Saturday, June 04, 2016

The Phoenix Is Fallen

When I was a grownup, I watched with escalating horror as the legends of my youth passed away. As a writer, I keep odd hours. But last night, I wasn't writing. Last night, I was conducting a vigil. I had a horrible feeling all day. For some reason, I felt like it was the last day--a day I thought would never come. Some people you honestly believe are immortal. As a grownup, I worked on my novel, editing, with ESPN News on the TV, and every few minutes I checked the ticker. When I'd first watched Muhammad Ali, I didn't wait until 12:30 in the morning as I did last night.

When I was a kid, bedtime was non-negotiable.

Unless I was watching a sporting event with my dad. And every time that Muhammad Ali was fighting, I got to stay up. My dad loved Ali--had loved him since he'd won Olympic gold along with our hometown girl, Wilma Rudolph. My dad isn't the kind of guy to jump on a bandwagon.  He's the kind of man to march against the tide around him. He'd loved Cassius Clay; he continued to love Muhammad Ali. And because my dad was my hero, I did too. My love of sports began on those nights when I was allowed to cuddle with my father in his big chair, watching football games or those amazing, spectacular boxing matches when Ali came back to retake his heavyweight title.

A phoenix, rising from the ashes of his career, to regain what was unfairly taken from him.

When I was a kid, I didn't care about politics. 

My dad did. And although he is an Army veteran, he respected Ali's stand against Vietnam. I remember hearing him argue with my grandfather and uncles about it. He was outraged that Ali was stripped of his titles, losing the best years of a boxer's career. "Shouldn't matter what a man thinks, sports has no reason to punish a guy for his beliefs." 

When I was a kid, I didn't care about race.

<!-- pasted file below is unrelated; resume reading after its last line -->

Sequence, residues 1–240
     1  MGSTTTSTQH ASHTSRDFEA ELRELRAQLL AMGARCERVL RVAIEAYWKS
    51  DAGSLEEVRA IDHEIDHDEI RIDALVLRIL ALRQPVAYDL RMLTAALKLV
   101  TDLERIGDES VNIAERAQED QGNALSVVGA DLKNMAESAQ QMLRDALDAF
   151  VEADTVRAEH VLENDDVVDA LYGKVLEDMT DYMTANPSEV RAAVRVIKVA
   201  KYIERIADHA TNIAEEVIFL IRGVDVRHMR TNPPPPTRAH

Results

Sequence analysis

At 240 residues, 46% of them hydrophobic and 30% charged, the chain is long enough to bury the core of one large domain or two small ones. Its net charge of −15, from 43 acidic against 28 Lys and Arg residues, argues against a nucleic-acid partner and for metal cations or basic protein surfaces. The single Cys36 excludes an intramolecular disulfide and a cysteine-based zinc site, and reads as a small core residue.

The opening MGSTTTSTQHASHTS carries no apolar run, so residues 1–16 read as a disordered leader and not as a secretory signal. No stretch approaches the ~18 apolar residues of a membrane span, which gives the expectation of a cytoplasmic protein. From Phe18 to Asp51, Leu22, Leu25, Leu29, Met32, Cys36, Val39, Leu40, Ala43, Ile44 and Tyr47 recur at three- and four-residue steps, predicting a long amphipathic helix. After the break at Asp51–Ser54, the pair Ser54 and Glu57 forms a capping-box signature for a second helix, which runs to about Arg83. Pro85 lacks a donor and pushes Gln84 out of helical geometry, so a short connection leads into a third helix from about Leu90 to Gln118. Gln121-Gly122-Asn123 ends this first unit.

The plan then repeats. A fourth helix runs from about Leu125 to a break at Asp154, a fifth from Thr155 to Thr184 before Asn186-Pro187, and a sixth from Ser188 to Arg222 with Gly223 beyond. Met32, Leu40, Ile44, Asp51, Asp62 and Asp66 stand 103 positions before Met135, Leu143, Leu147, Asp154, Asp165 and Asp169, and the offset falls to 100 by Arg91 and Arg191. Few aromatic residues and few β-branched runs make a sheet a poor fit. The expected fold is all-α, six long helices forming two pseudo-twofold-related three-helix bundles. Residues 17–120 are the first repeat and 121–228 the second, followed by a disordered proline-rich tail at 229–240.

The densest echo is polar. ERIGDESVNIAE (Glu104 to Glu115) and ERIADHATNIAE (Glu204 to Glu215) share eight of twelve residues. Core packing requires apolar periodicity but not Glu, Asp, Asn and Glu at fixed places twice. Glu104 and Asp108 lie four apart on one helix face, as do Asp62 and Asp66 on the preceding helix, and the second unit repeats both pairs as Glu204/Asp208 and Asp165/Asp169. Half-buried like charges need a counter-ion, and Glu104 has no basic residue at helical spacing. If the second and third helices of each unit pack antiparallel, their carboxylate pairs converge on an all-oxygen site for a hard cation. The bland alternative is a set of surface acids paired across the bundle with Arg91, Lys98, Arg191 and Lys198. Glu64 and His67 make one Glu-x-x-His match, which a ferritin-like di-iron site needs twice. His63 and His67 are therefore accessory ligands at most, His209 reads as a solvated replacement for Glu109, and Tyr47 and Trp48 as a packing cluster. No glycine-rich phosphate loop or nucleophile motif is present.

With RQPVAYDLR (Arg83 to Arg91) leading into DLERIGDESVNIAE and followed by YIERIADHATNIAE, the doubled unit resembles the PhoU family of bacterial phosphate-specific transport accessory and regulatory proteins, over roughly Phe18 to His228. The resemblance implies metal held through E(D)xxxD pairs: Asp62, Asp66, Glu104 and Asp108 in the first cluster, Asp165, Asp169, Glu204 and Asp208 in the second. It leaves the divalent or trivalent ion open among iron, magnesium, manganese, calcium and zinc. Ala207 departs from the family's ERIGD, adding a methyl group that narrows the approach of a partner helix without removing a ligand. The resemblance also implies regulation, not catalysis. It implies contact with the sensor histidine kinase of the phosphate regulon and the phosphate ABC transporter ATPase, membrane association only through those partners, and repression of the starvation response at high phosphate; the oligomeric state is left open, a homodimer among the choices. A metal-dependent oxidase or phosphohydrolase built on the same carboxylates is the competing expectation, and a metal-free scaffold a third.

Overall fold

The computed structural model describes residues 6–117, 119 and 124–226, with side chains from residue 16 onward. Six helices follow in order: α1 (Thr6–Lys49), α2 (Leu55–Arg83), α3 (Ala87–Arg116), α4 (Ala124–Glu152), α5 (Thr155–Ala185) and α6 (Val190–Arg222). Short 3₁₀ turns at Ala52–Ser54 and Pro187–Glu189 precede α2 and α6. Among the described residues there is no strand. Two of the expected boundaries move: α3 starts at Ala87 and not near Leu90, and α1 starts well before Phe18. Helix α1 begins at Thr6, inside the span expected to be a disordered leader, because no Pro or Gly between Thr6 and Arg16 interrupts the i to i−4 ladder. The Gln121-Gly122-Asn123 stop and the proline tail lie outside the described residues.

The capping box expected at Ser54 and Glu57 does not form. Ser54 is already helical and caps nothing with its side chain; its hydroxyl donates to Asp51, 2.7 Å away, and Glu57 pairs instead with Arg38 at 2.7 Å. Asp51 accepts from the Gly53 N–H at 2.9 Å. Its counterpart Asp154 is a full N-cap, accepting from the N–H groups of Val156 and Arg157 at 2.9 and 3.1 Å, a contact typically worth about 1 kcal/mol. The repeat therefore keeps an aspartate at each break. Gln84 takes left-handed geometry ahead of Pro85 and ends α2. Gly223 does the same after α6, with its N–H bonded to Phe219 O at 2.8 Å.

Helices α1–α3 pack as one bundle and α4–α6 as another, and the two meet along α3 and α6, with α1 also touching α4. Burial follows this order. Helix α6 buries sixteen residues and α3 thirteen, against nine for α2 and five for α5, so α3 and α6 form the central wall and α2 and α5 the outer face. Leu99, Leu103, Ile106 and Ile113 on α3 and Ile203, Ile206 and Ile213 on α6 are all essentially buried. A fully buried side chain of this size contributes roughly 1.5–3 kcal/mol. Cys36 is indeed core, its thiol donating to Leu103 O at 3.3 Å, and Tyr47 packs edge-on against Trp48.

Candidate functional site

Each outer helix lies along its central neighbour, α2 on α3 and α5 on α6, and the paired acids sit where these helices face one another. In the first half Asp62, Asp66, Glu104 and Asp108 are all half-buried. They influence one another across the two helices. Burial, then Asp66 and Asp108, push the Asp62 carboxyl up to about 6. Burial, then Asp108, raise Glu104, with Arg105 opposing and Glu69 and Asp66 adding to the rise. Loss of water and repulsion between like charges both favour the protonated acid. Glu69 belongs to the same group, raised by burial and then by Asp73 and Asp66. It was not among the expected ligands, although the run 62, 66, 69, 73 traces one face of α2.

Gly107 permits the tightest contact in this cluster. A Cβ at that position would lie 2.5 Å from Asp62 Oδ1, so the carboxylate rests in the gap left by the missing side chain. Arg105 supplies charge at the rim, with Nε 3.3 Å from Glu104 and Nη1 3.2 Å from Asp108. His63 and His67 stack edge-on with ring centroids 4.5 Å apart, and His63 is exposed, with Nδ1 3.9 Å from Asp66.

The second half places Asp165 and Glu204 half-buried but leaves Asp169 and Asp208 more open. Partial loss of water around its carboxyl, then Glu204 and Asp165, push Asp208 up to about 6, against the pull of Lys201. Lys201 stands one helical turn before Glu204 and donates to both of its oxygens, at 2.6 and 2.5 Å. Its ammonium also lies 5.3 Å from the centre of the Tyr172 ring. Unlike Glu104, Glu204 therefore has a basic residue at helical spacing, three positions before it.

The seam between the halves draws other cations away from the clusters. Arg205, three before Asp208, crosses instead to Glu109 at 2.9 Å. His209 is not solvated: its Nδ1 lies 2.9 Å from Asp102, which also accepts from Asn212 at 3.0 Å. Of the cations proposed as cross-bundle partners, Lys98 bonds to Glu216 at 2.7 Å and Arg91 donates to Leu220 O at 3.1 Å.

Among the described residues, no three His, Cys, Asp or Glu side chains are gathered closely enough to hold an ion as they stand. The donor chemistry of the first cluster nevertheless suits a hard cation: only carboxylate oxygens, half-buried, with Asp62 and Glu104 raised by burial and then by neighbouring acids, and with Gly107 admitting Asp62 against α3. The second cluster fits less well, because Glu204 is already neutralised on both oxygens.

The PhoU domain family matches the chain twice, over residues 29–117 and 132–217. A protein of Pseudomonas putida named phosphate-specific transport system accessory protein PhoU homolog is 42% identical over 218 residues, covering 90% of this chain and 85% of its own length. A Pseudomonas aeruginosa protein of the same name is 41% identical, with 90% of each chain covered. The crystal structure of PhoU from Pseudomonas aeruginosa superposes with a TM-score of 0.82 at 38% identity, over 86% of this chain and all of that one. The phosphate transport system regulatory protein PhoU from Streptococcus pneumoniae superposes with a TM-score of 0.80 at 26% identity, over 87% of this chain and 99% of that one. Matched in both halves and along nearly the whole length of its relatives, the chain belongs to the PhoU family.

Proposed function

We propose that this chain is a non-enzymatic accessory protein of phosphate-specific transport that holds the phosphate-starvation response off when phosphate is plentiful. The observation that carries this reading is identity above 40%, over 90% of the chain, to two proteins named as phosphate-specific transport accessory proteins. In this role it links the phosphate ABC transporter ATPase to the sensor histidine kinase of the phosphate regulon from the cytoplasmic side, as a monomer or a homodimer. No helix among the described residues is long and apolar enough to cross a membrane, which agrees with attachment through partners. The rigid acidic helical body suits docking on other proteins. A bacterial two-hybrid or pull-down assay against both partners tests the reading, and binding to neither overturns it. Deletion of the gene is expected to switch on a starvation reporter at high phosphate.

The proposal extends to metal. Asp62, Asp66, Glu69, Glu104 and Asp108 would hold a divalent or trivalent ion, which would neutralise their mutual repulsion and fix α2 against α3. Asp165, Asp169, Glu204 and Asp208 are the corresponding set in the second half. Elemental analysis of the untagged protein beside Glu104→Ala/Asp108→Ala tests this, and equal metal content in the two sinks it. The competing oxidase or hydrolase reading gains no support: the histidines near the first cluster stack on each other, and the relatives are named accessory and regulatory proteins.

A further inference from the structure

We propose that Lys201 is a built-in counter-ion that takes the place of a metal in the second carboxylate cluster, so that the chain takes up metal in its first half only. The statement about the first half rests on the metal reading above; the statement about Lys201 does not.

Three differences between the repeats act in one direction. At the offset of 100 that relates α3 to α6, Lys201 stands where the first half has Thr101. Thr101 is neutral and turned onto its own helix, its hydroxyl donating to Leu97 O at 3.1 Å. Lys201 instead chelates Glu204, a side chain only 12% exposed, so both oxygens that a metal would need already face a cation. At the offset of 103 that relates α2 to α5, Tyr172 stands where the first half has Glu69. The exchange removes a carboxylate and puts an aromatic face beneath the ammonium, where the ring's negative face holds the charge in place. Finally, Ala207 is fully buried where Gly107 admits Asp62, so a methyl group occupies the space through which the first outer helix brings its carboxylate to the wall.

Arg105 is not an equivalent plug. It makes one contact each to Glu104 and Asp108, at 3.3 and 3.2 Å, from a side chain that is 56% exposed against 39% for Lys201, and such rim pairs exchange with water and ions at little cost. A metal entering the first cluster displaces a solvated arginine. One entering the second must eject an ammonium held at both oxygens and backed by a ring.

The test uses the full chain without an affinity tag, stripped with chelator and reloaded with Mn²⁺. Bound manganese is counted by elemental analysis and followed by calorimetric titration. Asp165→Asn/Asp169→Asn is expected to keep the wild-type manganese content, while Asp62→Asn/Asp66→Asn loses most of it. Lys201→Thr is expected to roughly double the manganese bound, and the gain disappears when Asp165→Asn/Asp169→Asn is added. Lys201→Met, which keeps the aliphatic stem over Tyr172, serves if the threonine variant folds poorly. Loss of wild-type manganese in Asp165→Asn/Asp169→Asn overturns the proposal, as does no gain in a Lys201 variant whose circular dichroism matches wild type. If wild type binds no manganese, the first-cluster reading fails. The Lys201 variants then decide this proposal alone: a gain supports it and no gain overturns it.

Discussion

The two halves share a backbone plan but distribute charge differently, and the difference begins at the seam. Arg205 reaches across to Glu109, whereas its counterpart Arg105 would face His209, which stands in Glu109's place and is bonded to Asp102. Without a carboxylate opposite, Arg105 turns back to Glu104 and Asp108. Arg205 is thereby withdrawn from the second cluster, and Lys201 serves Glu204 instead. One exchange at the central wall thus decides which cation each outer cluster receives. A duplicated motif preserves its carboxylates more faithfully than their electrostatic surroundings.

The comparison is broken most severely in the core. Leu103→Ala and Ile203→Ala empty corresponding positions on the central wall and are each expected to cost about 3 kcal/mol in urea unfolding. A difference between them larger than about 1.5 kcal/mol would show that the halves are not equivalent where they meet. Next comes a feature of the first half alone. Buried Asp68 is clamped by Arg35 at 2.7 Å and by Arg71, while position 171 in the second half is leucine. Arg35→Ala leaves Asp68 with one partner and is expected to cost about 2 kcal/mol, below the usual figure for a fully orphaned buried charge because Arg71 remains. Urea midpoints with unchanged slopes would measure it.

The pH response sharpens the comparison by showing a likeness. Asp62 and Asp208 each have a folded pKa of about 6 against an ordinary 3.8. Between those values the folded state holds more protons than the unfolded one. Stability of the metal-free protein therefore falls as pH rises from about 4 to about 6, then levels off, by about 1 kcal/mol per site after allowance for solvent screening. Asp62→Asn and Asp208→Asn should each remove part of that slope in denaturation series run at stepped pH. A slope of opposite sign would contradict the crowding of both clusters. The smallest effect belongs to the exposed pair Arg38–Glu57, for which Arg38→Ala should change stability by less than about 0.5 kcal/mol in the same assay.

That was my dad's generation--and Ali's. I was of the generation who grew up after the Civil Rights Act, after the abolishment of segregation. My parents raised their kids to ignore the still-difficult relationship between the races in the Deep South. But I couldn't help but  be aware of how Ali already transcended that invisible-but-still-felt barrier that was slowly disintegrating around us, and how beloved he was. And as a little white girl in an all-white family I wasn't aware of how incredible that was.

When I was a kid, I watched Ali's greatest fights. 

I watched his comeback fight and loss to Joe Frazier as a kid on my dad's lap. I watched his victory in the second fight over Ken Norton. I watched Ali beat Frazier in their second bout, and the most brutal boxing match I've ever watched--their third and final match. We went to Nashville to watch the Rumble in the Jungle on PPV.  Rope-a-dope  had more impact live than it does now. I still don't know how he withstood the beating he took from Foreman, but he did. Make no mistake, all you dudes who thought Tyson could have beaten Ali if they'd met in their prime--no way would Tyson have been able to go the distance with Ali, and he would have had to. Ali refused to stay down on the mat.

When I was a kid, I watched the end of Ali's career.

I watched every single fight after he beat George Foreman. Every. Single. One. When he lost to Larry Holmes in a fight that no doctor should EVER have given the okay to, my brother and I sat in our living room and cried. Ali was our hero--the invincible man of our youth. It was unthinkable that he could lose. But he had. The Frazier fight was one thing--Smokin' Joe was a monster. The sorrow in Howard Cosell's voice, the obvious sound of him choking back his own tears is something I remember vividly to this day.

When I was a grownup, I realized how important Ali really was. 

Once I was old enough to understand the political importance of Muhammad Ali, I finally was able to process just how vital his influence was. His oft-quoted "I ain't got no quarrel with them Viet-Cong--no Viet-Cong ever called me nigger."